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Immunization Campaigns

Updated 07/2016
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​The AAP participates in several immunization campaigns a year, including National Infant Immunization Week, National Influenza Vaccination Week, National Immunization Awareness Month, and the Preteen Vaccine Campaign. See below for campaign or project updates, logos, posters, parent handouts, and more. The resources below are for offices to participate in the campaigns as they see fit.

National Infant Immunization Week

National Infant Immunization Week (NIIW) is April 16 - April 23, 2016. NIIW celebrates the successes of immunization programs around the country and highlights the importance of immunizing. Since 1994, NIIW has served as a call to action for parents, caregivers, and healthcare providers to ensure that infants are fully immunized against 14 vaccine-preventable diseases, including influenza​

Nationa​l Influenz​​a Vaccination Week

This year, National Influenza Vaccination Week (NIVW) is December 6-12, 2015. The NIVW will provide an opportunity for public health professionals, health care professionals, health advocates, communities, and families from across the country to work together to promote flu vaccination before the traditional winter peak in flu activity. Flu seasons are unpredictable and can begin early in the fall and last late into the spring. By focusing on one week in early December, partners can bring together resources and reach people before flu season swings into full gear.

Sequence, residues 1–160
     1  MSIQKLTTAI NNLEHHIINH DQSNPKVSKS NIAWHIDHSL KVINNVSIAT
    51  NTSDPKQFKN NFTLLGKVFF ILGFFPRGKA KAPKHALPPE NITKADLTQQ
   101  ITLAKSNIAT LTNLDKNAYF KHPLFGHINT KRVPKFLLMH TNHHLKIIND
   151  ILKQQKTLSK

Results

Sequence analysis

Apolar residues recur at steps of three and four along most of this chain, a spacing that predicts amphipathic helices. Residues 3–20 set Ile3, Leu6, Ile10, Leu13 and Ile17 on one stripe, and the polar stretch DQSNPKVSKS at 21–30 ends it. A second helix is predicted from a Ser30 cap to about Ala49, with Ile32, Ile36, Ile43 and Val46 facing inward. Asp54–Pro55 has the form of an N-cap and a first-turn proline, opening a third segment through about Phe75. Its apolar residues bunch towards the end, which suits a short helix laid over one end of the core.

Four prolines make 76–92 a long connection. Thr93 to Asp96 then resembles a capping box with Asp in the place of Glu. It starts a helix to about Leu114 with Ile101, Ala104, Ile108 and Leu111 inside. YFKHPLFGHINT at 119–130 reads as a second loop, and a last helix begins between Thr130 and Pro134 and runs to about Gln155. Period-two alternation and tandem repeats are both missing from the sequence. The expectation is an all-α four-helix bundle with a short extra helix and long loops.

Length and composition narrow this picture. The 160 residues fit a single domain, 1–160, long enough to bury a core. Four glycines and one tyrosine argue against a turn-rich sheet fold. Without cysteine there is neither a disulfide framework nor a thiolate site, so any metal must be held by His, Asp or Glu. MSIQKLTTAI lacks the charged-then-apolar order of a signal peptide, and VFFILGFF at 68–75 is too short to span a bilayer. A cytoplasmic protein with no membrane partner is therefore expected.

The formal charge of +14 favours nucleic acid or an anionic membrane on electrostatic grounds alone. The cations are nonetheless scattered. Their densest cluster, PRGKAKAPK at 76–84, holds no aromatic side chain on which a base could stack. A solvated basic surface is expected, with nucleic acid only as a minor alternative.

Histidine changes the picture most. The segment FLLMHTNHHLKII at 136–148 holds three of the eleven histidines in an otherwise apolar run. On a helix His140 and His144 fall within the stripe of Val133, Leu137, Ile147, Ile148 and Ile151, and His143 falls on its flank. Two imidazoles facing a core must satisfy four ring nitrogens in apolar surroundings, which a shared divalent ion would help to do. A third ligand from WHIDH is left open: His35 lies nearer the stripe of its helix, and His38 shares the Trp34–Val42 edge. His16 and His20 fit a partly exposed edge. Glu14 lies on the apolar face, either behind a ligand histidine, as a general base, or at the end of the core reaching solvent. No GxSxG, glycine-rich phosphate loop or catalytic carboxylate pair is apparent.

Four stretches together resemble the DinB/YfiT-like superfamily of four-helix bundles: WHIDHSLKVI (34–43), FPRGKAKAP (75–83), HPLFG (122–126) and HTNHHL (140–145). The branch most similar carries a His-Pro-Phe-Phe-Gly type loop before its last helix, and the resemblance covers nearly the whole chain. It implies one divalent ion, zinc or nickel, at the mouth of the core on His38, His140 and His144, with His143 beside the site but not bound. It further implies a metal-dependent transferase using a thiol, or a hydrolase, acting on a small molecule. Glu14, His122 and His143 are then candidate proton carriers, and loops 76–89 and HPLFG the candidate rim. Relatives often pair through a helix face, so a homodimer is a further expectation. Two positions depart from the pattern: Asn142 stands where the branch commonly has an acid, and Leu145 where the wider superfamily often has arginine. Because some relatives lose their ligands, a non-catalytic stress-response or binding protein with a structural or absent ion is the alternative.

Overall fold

Take the flu pledge and the Flu IQ Quiz today!​

National Immunization Awareness Month

August is National Immunization Awareness Month (NIAM). The goal of NIAM is to increase awareness about immunizations across the lifespan, from infants to the elderly. August is an ideal time to make sure everyone is up-to-date on vaccines before heading back to school and to plan ahead to receive flu vaccine.

The American Academy of Pediatrics (AAP) is inviting its friends, pediatricians and other interested parties to make use of the AAP's campaign resources for National Immunization Awareness Month (NIAM). During the month of August, the AAP will be sharing a timeline on vaccines, blogs, articles for parents on HealthyChildren.org and videos, all available via the AAP NIAM campaign page at www.aap.org/whyivax.

In addition, the AAP is asking pediatricians, parents and everyone to go on the record on vaccines and explain #WhyIVax on social media.

NIAM Resources

AAP NIAM Campaign page (www.aap.org/whyivax)
This page links to blogs, videos on vaccines, resources for parents, and #WhyIVax stories.

National Public Health Information Coalition Toolkit  (https://www.nphic.org/niam)
This page offers a comprehensive NIAM toolkit, and provides resources, key messages, Q&A, for each week of the month. The weeks include:

August 1-7: Vaccines are not just for kids (adults)
August 8-14: Protect yourself and pass protection on to your baby (pregnant women)